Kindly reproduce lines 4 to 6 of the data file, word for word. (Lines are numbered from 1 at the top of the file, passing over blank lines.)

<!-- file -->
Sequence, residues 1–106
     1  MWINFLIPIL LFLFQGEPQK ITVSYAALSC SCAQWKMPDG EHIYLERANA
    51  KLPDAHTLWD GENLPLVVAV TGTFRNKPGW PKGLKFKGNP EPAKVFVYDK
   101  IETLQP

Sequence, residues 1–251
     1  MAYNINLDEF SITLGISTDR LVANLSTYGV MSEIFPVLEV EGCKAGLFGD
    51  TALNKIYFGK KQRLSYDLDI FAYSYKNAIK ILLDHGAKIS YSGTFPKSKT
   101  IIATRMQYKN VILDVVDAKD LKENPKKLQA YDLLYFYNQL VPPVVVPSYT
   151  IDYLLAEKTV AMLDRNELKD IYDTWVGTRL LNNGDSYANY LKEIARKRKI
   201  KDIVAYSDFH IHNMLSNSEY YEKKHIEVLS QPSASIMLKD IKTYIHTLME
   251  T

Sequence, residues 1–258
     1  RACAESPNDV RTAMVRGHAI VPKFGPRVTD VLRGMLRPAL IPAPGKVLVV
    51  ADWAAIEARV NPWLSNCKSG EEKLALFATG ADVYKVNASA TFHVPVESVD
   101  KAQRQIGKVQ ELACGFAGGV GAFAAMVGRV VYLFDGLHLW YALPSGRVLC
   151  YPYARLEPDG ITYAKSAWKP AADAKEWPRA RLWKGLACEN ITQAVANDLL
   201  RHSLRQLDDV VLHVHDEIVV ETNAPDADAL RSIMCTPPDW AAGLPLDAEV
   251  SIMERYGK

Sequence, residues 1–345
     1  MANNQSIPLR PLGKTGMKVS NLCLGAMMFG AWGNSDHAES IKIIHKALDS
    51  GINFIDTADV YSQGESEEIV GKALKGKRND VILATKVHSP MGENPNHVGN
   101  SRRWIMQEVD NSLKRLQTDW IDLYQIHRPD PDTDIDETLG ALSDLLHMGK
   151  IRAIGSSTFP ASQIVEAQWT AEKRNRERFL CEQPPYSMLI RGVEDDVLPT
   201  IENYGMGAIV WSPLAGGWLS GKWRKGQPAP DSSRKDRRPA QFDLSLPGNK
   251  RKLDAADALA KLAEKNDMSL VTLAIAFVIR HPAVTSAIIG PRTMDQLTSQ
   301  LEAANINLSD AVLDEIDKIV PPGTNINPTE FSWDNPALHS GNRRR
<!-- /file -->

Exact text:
   101  IETLQP

Sequence, residues 1–251
     1  MAYNINLDEF SITLGISTDR LVANLSTYGV MSEIFPVLEV EGCKAGLFGD